Kiwis are making their mark in the technology sector this year with 54 companies being included in the Fast 500 index!
This is NZ’s best effort yet and Deloitte is helping celebrate their success at an event next Wednesday with special guest, Tim Norton, the CEO and Founder of 90 Seconds. Tim will be offering some insights into his company which is one of our country’s fastest growing tech businesses.
We will also be hosting Owen Scott from Concentrate who will share some findings from The Market Measures Report - a recent study of Kiwi tech companies that benchmarks their sales and marketing activity against similar businesses from the USA and the UK.
So far the report has produced some very interesting findings
It shows that 80% of US companies are now using activities such as email and social media as their primary source of leads compared to just 35% of Kiwi companies. In 2014 the figure for Kiwi firms was 23% and this year it increased to 35%, so while there is visible improvement there is a still a San Andreas fault-line gap.
The report also highlights that the biggest new weapon in the armoury of a marketer now is using ‘content’ to drive digital marketing activity. The survey found that 93% of benchmarked US firms say they use content marketing against 54% of Kiwi firms. So while the typical Kiwi tech firm is engaging with this concept, they’re not choosing their content weapons carefully enough.
It seems our tech firms tend to rely on more direct activities such as cold calling by the sales team or client referrals and while both are valid tactical approaches, they don’t deliver on the same scale that planned and sustained indirect lead generation campaigns do - especially those conducted online.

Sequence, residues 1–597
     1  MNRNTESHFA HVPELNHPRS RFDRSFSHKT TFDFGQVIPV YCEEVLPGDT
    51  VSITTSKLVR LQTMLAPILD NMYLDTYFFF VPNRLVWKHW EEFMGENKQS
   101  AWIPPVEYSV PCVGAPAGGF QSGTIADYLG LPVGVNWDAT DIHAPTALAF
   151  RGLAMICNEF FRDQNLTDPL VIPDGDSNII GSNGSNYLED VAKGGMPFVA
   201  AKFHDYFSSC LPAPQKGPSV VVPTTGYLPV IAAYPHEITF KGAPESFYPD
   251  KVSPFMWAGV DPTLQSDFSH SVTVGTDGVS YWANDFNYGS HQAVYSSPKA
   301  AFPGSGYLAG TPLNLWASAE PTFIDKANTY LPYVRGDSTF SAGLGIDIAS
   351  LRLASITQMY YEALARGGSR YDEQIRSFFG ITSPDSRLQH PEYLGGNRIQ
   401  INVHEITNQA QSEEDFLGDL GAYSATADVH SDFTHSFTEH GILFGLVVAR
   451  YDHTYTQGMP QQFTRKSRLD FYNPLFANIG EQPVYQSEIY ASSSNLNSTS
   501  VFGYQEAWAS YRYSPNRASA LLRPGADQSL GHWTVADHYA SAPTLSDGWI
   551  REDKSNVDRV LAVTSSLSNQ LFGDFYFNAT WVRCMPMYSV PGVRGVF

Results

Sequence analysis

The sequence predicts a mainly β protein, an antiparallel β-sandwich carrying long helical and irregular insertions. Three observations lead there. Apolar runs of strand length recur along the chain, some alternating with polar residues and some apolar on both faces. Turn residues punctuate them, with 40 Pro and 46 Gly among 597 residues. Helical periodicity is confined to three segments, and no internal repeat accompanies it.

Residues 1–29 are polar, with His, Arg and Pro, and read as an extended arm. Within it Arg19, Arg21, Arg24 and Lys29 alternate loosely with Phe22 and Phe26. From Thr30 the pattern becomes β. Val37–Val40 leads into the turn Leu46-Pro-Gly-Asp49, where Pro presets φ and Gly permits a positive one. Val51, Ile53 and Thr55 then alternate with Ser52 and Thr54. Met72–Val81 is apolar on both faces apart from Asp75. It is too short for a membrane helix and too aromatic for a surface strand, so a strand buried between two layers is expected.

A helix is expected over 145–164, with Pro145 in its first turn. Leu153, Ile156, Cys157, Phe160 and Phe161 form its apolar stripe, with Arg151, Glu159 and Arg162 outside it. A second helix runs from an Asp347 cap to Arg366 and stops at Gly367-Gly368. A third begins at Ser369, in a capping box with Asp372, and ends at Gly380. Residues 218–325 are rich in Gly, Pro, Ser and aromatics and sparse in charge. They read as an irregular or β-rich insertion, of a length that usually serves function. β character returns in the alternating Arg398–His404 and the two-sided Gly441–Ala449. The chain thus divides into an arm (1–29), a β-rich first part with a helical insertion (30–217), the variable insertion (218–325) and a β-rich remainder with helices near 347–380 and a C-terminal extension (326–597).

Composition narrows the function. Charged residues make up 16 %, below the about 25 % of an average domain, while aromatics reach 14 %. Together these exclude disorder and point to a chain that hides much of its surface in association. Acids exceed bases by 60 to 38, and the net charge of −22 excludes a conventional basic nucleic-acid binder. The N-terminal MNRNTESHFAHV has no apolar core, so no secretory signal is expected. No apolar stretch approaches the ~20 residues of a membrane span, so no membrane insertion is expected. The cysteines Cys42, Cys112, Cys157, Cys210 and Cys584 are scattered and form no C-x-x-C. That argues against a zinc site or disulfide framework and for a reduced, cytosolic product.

So where do the opportunities lie?
As predicted, the biggest opportunity for New Zealand’s technology exporters is for the sales process to become increasingly ‘digital’. For example, buyers researching their options, finding, evaluating and even buying technology solutions online. It’s an enormous opportunity, but also a significant challenge, for our remote nation.
So while New Zealand tech firms are ‘digitising’ their selling process at a faster rate, they still turn up in markets like the USA poorly armed for the battle.
This is off the back of the “lone wolf” model which was identified in the 2014 Market Measures study, where talented sales people take on most of the sales and marketing efforts for the company. In light of these findings it seems the key to indirect marketing effectiveness is again taking a ‘digital’ approach, using key information to attract and convert leads. While Kiwis are adopting this marketing weapon quickly, they are still ill equipped in comparison to their USA counterparts.
Read related article here